Disclaimer: This is not the official press release or communications. The text are taken from the exhibit itself. All credit goes to the National Museum of the Philippines – Western Visayas Regional Museum, International Centre for the Study of the Preservation and for Restoration of Cultural Property (ICCROM), CollAsia Field Projects (Connecting Communities and Collections), and the Cultural Heritage Administration of the Republic of Korea.
Barcelona and Fernando Rafflesiaceae
In 2002, the Rafflesia speciosa, locally called, “Uruy” was seen blooming on the island of Panay, Antique by the members of The Antique Outdoors (TAO) while trekking in Sibalom Natural Park. Its flower spans about 45 to 56 cm in diameter, thrice larger than the flower of Rafflesia manillana. In the same year, the plant was named a new species of Rafflesia by Barcelona and Fernando. This species is not endemic to a single island, as it was seen in other regions of the Visayas other than Panay. The distribution pattern of Rafflesia speciosa is unusual for Rafflesia found in the Philippines wherein most of the species are confined only to a single island.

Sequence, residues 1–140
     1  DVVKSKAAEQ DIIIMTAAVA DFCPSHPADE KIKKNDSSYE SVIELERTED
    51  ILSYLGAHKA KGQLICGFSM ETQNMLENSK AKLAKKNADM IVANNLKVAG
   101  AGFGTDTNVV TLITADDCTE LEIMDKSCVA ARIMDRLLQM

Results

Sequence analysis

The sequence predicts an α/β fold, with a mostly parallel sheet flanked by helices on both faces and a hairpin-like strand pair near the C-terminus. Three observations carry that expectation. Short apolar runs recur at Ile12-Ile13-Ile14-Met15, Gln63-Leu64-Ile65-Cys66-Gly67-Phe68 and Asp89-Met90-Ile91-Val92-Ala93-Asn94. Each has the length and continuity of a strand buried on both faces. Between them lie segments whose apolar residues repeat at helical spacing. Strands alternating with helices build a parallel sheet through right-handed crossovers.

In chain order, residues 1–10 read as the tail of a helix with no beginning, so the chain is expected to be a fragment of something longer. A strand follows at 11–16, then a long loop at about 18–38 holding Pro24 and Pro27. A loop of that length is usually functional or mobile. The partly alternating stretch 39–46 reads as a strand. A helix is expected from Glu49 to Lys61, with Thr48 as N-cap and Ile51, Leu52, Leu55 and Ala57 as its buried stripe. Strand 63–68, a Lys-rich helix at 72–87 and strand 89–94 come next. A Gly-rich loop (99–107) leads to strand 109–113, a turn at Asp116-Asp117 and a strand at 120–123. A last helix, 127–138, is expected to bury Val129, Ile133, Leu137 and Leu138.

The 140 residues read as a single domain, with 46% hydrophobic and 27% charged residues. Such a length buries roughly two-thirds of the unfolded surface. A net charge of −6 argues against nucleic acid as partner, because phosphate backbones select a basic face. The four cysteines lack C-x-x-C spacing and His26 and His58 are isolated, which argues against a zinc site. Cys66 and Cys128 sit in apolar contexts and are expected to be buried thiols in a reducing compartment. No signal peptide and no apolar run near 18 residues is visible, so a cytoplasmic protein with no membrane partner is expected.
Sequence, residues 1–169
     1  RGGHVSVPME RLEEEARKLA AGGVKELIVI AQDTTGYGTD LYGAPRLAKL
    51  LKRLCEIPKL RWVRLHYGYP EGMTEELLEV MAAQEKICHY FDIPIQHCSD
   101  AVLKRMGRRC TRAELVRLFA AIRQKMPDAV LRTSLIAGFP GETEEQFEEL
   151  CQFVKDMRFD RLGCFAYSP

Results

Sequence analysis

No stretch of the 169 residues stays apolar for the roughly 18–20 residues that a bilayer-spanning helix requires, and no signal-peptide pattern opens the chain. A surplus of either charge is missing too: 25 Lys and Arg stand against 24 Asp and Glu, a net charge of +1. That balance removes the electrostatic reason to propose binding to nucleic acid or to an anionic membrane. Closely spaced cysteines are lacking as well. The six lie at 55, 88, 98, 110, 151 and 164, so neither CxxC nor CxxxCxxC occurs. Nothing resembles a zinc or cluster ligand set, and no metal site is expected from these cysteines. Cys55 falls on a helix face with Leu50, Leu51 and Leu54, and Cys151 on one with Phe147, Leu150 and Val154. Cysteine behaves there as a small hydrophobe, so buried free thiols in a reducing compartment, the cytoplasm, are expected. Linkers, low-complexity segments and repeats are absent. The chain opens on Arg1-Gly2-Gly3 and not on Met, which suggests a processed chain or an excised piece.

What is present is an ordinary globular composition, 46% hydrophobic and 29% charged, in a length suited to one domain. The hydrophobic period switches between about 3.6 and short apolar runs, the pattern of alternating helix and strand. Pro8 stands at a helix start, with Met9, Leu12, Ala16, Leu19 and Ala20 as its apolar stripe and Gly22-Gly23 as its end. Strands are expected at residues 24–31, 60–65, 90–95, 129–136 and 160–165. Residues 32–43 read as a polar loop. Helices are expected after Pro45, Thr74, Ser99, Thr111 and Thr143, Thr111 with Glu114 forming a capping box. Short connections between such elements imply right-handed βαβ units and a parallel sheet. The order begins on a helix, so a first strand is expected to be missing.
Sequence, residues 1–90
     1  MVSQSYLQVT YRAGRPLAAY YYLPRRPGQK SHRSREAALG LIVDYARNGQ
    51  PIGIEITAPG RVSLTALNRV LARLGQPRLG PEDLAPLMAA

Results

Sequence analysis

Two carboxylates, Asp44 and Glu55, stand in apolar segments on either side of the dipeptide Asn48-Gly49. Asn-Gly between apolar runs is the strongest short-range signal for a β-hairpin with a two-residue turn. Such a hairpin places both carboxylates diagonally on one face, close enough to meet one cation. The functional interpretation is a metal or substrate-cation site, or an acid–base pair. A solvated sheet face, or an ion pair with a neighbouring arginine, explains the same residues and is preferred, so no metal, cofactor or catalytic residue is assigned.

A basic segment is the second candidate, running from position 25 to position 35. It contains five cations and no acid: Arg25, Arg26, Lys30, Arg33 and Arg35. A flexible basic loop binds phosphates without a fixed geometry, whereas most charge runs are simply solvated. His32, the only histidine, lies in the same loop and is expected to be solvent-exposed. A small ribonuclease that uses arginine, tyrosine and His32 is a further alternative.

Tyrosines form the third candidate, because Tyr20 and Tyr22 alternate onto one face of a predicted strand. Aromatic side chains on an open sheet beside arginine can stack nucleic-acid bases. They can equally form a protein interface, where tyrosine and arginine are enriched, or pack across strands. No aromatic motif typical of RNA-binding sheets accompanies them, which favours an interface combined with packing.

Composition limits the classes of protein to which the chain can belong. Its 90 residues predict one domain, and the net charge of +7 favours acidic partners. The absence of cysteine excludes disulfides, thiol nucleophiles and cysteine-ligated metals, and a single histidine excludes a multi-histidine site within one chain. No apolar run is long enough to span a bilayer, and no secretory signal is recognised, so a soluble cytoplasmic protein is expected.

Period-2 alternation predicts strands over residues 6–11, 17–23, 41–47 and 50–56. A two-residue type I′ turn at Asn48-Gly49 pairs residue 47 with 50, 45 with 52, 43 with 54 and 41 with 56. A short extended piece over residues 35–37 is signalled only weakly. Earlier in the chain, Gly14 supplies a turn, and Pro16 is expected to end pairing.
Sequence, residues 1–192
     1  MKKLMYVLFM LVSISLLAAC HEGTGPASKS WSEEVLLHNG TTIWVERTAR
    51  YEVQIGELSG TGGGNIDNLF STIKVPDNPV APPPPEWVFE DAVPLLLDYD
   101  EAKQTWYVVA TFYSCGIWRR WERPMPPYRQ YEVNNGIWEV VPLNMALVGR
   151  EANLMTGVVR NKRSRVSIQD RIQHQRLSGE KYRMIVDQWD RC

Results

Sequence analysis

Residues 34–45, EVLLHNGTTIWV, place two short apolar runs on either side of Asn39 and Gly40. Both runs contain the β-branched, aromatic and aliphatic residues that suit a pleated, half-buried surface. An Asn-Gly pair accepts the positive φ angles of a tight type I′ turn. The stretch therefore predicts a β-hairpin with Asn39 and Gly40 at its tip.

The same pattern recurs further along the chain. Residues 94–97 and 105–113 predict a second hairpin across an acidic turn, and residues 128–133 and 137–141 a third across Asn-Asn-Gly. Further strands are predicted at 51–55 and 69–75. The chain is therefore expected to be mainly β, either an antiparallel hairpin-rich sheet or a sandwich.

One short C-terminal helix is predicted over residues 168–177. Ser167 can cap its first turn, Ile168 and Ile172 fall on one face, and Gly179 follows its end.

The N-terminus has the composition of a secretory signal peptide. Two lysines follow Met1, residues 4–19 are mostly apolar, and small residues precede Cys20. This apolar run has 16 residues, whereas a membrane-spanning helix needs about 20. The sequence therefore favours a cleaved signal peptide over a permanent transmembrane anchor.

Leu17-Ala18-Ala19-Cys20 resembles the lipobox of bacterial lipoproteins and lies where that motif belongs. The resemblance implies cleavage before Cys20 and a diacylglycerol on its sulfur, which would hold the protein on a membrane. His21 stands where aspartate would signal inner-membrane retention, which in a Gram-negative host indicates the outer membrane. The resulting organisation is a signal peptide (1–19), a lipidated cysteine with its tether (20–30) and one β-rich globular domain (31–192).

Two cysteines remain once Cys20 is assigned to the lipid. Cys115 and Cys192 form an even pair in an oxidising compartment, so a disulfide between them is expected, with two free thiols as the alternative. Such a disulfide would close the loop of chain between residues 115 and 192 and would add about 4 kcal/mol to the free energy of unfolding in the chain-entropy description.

The Rafflesia manillana is one of the smallest known Rafflesia with a flower that spans 15-20 cm in diameter. It was initially discovered in Basey, Samar in 1838 by Hugh Cuming. This plant is not only one of the smallest Rafflesia in the world but it is also considered a rare and endangered species. The rarity of the species may be due to infrequent pollination attributed to insect infestations that result in unsuccessful pollination and seed dispersal. In addition, there is also a threat to the species due to the imbalance in its sex ratio and the destruction of its natural habitat primarily by humans
Parts of the Pambansang Museo sa Barangay:
Other helpful exhibits:
**Content was only based on the photos I took during my personal visit. I may have missed significant details.